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Old 02-17-10, 09:28 AM
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some people are soooo timid.

i haggled with 2 of the biggest online bike shops. i saw a price on one and it was cheaper than the other. i called the more expensive one up and said..."i have purchased from you many times before. look at my purchase history. i wish to continue buying from you because i have never been disappointed by the product or the service. The only problem is, this other shop has it for £50 less than you. Are you willing to beat that price. If so I would rather buy from you than them."

No question of lying. Both shops' prices on display on their websites. I directed the expensive shop to the cheaper shops website to confirm.

Is that disrespectful? Perfectly legitimate business proposal. Just do it.
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Old 02-17-10, 10:16 AM
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Originally Posted by coasting
some people are soooo timid.

i haggled with 2 of the biggest online bike shops. i saw a price on one and it was cheaper than the other. i called the more expensive one up and said..."i have purchased from you many times before. look at my purchase history. i wish to continue buying from you because i have never been disappointed by the product or the service. The only problem is, this other shop has it for £50 less than you. Are you willing to beat that price. If so I would rather buy from you than them."

No question of lying. Both shops' prices on display on their websites. I directed the expensive shop to the cheaper shops website to confirm.

Is that disrespectful? Perfectly legitimate business proposal. Just do it.
+1

There is nothing harmful, shameful or inappropriate about saying I would love to buy the bike, but is there any way you can sell it cheaper. Better yet if you can point to a price at another shop.

A frank conversation will never get you bad blood. But be prepared for them to say no, and for you to buy it anyway at that price, "too bad, but I like it, and I like you guys so, ok..."

You can also ask if they can give you a discount on accessories, etc. Really, despite what others may say, there is never a harm in asking. Being a D**k, on the other hand... is a whole different story.
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Old 02-17-10, 10:59 AM
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EVERYTHING in life is negotiable. Anyone who pays sticker price is getting ripped off.
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Old 02-17-10, 11:45 AM
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+1 hell yeah!! this is a buyers market, specially if there are a couple of LBS around where you leave so you can make them compete for the sale
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Old 02-17-10, 11:55 AM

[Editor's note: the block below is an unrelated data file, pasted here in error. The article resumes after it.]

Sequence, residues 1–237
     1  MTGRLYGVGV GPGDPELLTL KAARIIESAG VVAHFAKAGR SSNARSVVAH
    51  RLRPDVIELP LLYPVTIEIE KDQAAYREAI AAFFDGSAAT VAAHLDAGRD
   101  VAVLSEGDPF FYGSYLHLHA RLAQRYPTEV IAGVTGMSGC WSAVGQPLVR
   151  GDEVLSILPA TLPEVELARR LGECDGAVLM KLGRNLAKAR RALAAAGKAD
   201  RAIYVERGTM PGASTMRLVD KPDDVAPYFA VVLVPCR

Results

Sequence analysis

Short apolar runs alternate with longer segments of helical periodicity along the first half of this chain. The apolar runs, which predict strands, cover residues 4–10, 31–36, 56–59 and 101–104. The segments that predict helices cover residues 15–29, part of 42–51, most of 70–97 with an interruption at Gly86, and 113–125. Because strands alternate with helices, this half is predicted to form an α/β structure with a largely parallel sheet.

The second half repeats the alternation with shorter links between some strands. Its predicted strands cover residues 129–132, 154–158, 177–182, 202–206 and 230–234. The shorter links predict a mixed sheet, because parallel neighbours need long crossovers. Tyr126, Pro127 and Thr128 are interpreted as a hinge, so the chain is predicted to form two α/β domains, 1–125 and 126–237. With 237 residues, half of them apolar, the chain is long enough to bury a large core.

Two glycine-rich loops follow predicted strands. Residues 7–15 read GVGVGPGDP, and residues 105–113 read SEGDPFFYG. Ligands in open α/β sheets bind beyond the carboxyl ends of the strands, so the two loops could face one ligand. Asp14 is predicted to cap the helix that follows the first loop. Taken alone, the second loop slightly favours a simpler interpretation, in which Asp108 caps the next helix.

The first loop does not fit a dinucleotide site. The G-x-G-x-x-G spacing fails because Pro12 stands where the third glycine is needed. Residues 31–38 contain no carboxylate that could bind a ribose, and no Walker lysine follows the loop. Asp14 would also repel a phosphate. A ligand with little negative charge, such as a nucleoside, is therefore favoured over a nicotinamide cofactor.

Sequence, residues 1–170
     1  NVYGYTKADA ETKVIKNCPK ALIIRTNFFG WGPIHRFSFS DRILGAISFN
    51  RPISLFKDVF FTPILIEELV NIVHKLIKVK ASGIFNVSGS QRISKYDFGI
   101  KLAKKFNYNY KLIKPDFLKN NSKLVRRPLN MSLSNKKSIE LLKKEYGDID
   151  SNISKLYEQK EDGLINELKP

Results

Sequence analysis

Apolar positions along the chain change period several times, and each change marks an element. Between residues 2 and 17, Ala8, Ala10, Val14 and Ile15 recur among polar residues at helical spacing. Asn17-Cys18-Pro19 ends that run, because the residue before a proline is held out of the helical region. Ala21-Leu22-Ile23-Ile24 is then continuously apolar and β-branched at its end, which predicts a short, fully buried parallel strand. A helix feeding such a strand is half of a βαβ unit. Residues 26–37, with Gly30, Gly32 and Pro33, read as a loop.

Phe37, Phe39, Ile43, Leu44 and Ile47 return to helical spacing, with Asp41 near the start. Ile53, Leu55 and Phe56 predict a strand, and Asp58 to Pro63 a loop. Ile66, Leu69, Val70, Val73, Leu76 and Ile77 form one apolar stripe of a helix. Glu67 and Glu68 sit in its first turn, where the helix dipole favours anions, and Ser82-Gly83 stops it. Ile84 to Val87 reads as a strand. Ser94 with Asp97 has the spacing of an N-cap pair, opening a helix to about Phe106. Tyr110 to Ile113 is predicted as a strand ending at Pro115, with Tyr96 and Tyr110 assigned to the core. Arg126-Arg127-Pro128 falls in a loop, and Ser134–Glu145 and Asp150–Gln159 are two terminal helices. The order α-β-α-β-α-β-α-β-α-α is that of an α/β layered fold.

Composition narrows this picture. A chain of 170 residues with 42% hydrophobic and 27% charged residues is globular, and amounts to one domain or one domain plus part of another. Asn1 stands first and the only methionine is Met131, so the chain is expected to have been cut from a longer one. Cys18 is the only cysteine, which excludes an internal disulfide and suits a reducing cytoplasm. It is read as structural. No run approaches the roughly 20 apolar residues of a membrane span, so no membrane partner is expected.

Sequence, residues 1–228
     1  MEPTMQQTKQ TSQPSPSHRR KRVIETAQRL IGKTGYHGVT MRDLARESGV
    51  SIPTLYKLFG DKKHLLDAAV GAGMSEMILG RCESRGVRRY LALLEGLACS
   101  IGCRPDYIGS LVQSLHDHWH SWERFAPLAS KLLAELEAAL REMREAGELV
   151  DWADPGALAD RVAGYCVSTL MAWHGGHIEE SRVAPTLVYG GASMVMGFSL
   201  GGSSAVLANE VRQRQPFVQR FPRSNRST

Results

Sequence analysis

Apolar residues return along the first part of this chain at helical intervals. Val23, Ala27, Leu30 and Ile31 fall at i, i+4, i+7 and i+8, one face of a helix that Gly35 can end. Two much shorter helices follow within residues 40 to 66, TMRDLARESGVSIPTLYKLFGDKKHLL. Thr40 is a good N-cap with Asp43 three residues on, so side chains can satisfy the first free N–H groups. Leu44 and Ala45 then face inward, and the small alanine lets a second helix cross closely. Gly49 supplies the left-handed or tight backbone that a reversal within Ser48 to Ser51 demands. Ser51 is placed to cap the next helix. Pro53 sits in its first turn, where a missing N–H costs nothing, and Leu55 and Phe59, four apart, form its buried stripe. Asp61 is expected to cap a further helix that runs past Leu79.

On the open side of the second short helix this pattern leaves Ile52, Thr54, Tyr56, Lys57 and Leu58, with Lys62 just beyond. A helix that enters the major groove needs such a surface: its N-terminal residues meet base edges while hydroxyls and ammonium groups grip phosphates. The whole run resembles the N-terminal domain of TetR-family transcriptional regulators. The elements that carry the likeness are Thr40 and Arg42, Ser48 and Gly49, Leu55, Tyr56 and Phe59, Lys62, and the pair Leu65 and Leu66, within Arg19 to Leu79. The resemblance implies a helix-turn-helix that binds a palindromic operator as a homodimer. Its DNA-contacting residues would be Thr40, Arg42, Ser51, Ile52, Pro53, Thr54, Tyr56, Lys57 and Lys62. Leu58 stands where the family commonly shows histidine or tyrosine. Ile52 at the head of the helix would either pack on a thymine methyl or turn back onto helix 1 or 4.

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Originally Posted by noise boy
I am going to have to call shenanigans on this crap. The only difference between Ultegra and Sora (setting aside the thumb levers) is weight and price. I have put about 1000 miles on my CAAD 9-7 since August when I bought it, and the only adjustments necessary have been cable adjustments. The derailleurs don't suddenly fall out of alignment, or reset their own limit screws. The cables stretch out, and they will stretch no matter which group it is. Once you get beyond the initial stretching out phase, little to no adjustment is necessary. And when it is, they have convienently provide barrel adjusters to make them, while you ride no less Also worth noting, only the brifters are Sora, the F & R mechs are both Tiagra. Lastly, I have a 1994 Specialized Rock Hopper with Altus components, and it all still works pretty much flawlessly now, Shimano has no interest in putting out gear that doesn't work well. If they did, when people move on and buy new bikes/components they are going to shy away from Shimano in favor of other brands if their initial experience with Shimano sucks.

FWIW, I bought my bike for $875 and they threw in a couple of water bottles and gave me a break on the computer, cages, spare tube, pedals and shoes that I bought with it. If you are buying two bikes and all the accessories at one time, I would definitely suggest that you work a deal with the shop, keeping in mind that part of what you are buying is the shop's time to help you figure out what you want/need. That is a service, and costs money for the shop to provide. I honestly have a huge issue with people using local businesses as IRL fitting rooms for online retailers. Remember if the shops go under, nobody is going to have that masterlink/brake pad/widget you need to go for a ride tommorow
that's hardly a measure of durability. not even a month's worth of riding for me.
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Old 02-17-10, 12:04 PM
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I think your best bet would be to pick a bike store and find out what local cycling groups the LBS supports. In my city there is a city wide bike "club" and my LBS offers discounts to members. Join right when purchase and negotiate a discount then. Most LBS's would be happy to offer the standard 10% or whatever it is they offer. Also you might get a better deal if instead you take the 10% in "extra" stuff....shoes or shorts or something like that. A LBS has more room there but cash is cash...your going to need the stuff anyway!! Enjoy the new rides..